"Nobody. I'll have to earn it with this pitching arm of mine," and theyoung baseball player swung it around, as though "winding-up" for aswift delivery.
"Look out, Joe!" cried Clara, but she gave the warning too late.
At that moment Mrs. Matson entered the room with a jug of water, whichshe intended pouring on a window-box of flowers. Joe's arm struck thejug a glancing blow, and sent it flying, the water spraying over thefloor, and the jug itself falling, and cracking into many pieces.
For a moment there was a momentous silence, after two startledscreams--one each from Mrs. Matson and Clara. Then Joe cried gaily:
"Out at first! Say, Momsey, I hope I didn't hit you!"
"No, you didn't," and she laughed now. "But what does it all mean? Areyou practicing so early in the season? Oh, my carpet! It will beruined!" she went on, as she saw the water. "But I'm glad I didn't bringin a good jug. Did you hurt your hand?"
"Nary a hurt," said Joe, with a smile. "Ha! I'll save _you_ from awetting!" he exclaimed, as he stooped quickly and picked up an unopenedletter, the address of which was in a girlish hand.
"Get the mop, while you're at it," advised Clara. A little later Joe hadsopped up the water, and quiet was restored.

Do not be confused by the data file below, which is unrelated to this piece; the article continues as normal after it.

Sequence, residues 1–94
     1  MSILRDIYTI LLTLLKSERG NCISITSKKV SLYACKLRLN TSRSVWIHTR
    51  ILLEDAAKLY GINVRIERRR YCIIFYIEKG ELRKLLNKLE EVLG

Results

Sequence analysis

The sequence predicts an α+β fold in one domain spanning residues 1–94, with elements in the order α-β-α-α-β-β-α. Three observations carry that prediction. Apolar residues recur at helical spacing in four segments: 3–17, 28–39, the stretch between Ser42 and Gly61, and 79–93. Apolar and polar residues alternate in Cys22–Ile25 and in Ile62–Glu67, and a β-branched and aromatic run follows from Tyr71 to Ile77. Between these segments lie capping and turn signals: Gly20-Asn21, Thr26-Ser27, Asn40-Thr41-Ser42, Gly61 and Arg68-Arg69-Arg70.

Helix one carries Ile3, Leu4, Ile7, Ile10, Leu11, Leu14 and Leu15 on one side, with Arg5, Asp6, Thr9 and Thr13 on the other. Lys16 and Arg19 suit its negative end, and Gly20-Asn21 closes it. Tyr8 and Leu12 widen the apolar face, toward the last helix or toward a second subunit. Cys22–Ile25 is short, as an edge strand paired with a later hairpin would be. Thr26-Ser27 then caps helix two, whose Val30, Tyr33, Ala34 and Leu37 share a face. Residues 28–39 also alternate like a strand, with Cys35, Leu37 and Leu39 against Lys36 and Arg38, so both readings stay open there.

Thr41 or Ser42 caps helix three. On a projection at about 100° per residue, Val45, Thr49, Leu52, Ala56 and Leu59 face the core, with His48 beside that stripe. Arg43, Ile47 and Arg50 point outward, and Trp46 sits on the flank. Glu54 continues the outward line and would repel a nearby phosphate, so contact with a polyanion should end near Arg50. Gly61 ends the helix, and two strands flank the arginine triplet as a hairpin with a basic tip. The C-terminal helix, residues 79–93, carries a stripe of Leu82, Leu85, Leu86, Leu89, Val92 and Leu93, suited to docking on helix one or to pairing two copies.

"And now suppose you tell us all about it," suggested Mrs. Mason. "Whywere you practicing gymnastics, Joe?" and she smiled at her athleticson.
"I was just telling Clara that my pitching arm was likely to bring me inmore money this year, Momsey, and I was giving it a twirl, when youhappened to get in my way. Now I'll tell you all about it. It's thisletter," and Joe held out the one he had been reading.
"Are you sure it isn't the _other_?" asked Clara, with a sly look at herbrother, for she had glanced at the writing on the unopened envelope Joehad picked up from the floor. "Let me read that other letter, Joe," sheteased.
"A little later--maybe!" he parried. "But this one," and he flutteredthe open sheet in his hand, "this one is from Mr. Gregory, manager ofthe Pittston team, with whom I have the honor to be associated," and Joebowed low to his mother and sister. "Mr. Gregory gives me a bit of news.It is nothing less than that the manager of the St. Louis Nationals isnegotiating for the services of yours truly--your humble servant, JosephMatson," and again the young ball player bowed, and laughed.
"Joe, you don't mean it!" cried his sister. "You're going to belong to amajor league team!" for Clara was almost as ardent a baseball "fan" aswas her brother.
"Well, it looks like it, Sis," replied Joe, slowly, as he glanced at theletter again. "Of course it isn't settled, but Mr. Gregory says I'mpretty sure to be drafted to St. Louis."
"Drafted!" exclaimed his mother. "That sounds like war times, when theyused to draft men to go to the front. Do you mean you haven't any choicein the matter, Joe?"
"Well, that's about it, Momsey," the young man explained. "You see,baseball is pretty well organized. It has to be, to make it the successit is," he added frankly, "though lots of people are opposed to thesystem